Dubai Interpol summit told dark web drug deals and 'new dimension' of cyber crime pose great threat

At this week's General Assembly in the emirate, a new Interpol president will also be chosen — after Chinese incumbent Meng Hongwei was arrested on corruption charges

Secretary General of Interpol Jurgen Stock poses for a photograph at the Interpol headquarters in the southern French city of Lyon on November 8, 2018. / AFP / JEFF PACHOUD
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Terrorist attacks orchestrated in stealth and drug deals made by the click of a mouse on the "dark net" are adding a dangerous new dimension of crime, according to the chief of international police agency Interpol.

Jeurgen Stock, general secretary of the organisation, speaking on the first day of the Interpol General Assembly in Dubai, said police needed to embrace technology and innovation to stay a step before sophisticated cyber criminals.

The German law enforcement officer said the "underground economy and dark net" are providing stern challenges for international police forces

“With the dark net and underground economy you can simply click a button to buy drugs. You can also buy hacking tools or organise a terrorist group through the internet, which is a new dimension of crime,” he said.

“Modern policing needs to be innovative to fight this and the UAE is the perfect example of this because it has already invested heavily in smart policing.”

As well as addressing global threats head on, the organisation has also faced its own internal challenges in recent weeks.

A new president for Interpol will be elected at the general assembly in Dubai after previous incumbent Meng Hongwei resigned from his post weeks after vanishing following a plane journey from France to China.

FILE - In this July 4, 2017, file photo, Interpol President Meng Hongwei delivers his opening address at the Interpol World congress, in Singapore. Chinese authorities say they are investigating the former president of Interpol for bribery and other crimes and indicate that political transgressions may have also landed him in trouble. In a statement posted on a government website Monday, Oct. 8, 2018, the authorities said Meng Hongwei, China's vice minister for public security, was being investigated due to his own "willfulness and for bringing trouble upon himself." (AP Photo/Wong Maye-E, File)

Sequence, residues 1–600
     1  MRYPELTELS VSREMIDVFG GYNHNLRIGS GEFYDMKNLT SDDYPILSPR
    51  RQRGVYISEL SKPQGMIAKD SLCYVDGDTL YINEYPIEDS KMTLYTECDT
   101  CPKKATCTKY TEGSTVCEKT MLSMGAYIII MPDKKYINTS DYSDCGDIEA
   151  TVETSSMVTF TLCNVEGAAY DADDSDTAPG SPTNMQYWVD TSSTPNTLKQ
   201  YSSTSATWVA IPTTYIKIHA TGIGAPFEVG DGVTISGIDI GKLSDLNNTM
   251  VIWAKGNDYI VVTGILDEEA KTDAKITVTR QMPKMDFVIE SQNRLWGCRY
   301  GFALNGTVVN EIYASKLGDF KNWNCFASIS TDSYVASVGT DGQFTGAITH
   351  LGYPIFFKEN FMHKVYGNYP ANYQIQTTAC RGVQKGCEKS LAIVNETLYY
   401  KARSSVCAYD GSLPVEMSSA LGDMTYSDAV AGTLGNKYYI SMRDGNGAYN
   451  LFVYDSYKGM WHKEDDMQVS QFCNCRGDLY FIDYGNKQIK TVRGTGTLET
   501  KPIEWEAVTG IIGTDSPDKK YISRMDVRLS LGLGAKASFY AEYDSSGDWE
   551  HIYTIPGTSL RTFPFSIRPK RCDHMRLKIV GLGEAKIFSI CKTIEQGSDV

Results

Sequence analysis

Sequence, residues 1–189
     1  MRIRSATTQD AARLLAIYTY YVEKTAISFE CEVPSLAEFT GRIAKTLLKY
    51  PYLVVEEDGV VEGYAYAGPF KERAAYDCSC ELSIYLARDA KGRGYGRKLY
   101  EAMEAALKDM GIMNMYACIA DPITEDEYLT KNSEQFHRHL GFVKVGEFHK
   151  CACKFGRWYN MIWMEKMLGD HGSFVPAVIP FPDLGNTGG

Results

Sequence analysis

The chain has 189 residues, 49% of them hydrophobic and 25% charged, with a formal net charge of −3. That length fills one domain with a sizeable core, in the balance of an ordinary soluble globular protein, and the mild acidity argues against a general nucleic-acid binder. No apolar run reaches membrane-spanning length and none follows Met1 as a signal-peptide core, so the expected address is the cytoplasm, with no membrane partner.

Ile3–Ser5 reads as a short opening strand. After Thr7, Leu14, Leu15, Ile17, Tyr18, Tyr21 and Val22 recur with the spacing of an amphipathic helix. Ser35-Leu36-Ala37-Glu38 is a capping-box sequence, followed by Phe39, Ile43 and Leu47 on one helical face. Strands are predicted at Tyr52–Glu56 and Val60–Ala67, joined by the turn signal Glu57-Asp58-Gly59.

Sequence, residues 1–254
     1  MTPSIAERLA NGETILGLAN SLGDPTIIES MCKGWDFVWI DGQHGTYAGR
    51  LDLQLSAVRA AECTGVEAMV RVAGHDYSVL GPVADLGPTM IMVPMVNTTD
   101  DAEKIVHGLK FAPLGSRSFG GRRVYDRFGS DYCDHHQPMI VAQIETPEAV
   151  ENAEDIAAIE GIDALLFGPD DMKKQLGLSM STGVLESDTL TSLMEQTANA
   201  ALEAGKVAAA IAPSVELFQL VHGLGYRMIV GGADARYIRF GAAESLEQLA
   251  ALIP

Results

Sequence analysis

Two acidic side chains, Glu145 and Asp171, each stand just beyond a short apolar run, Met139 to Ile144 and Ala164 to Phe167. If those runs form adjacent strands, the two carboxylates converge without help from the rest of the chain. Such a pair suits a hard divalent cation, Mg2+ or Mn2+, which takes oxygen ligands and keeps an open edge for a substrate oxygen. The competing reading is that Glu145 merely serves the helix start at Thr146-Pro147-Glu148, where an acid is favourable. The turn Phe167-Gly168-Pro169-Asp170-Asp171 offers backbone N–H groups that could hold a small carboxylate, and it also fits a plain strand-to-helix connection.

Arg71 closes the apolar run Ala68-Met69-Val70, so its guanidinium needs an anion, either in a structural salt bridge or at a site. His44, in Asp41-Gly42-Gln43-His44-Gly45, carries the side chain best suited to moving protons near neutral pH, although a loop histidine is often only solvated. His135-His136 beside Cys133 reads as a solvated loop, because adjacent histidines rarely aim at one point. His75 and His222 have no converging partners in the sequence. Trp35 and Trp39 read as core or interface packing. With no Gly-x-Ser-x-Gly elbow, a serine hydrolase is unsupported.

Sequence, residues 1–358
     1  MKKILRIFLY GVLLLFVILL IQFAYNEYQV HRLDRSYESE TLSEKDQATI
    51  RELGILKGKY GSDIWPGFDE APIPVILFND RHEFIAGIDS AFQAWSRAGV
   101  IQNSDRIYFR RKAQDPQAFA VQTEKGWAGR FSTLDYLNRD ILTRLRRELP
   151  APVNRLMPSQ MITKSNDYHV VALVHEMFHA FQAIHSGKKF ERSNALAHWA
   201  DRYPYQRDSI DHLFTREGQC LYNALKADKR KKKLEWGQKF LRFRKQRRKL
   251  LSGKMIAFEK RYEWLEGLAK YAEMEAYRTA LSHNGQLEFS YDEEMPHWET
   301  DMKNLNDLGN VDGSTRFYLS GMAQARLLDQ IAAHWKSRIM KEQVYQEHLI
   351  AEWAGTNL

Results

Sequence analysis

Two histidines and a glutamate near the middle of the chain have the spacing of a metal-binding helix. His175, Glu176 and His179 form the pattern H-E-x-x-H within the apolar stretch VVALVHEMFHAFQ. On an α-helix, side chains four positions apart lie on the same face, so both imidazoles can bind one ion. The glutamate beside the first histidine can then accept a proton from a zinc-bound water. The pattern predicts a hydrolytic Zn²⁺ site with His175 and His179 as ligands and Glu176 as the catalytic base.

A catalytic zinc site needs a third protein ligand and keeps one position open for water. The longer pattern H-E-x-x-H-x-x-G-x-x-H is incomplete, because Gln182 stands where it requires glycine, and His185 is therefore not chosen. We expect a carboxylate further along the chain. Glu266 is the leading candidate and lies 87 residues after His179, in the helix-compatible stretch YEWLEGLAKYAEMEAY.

It later emerged he had been arrested and detained by Chinese authorities over corruption allegations.

Mr Stock did not speculate on the circumstances surrounding the first Chinese head of Interpol's exit from the organisation, saying the global police agency had to press forward and appoint a new president.

“On October 7 we received the resignation of our former president, on the same day we received information from the Chinese ministry of public security that our former president was not a delegate for Interpol any more,” he said.

“We had to take the measures to ensure the functioning of the organisation and we will not just be electing executive committee members at this year’s general assembly.”

The general assembly, which is taking place in Dubai for the first time, is in its 67th year. Almost 1,000 delegates from 171 countries are expected to take part in the four-day event, which ends on Wednesday.

Mr Stock, from Germany, told The National that the sophisticated technology available to criminals has created unique challenges for law enforcement agencies.

“Dubai is the perfect place to talk about how we can strengthen our early warning systems when it comes to preventing cyber crime and terrorist activity," he said.

Jürgen Stock, secretary general of Interpol, and Major General Abdullah Al Marri, commander-in-chief of Dubai Police, pictured on the first day of the Interpol General Assembly in Dubai. Courtesy: Interpol

“The traditional way in which dealers are trafficking their drugs is still ongoing but the dark net and underground economy are creating new challenges for global law enforcement agencies,” he said.

“Society is changing, you just have to look at how the internet is being utilised in everyday life. This creates unprecedented opportunities for criminals to access private computers.

“Now there are also opportunities for criminals all over the world to attack our critical infrastructures such as health systems and water supply, which are controlled by the internet.”

Mr Stock said this is constantly creating new challenges for police forces all over the world.

“It is a huge challenge because police agencies are constantly having to invest in capabilities and new expertise,” he said.

He said that it was vital that police forces across the region work together to combat crime.

“The network of police services around the world has been growing over the last number of decades,” he said.

“The exchange of information is crucial. No country can face these challenges by themselves and the UAE is a perfect example to other nations, since it joined the organisation in 1973 it has consistently shown its support to Interpol.”


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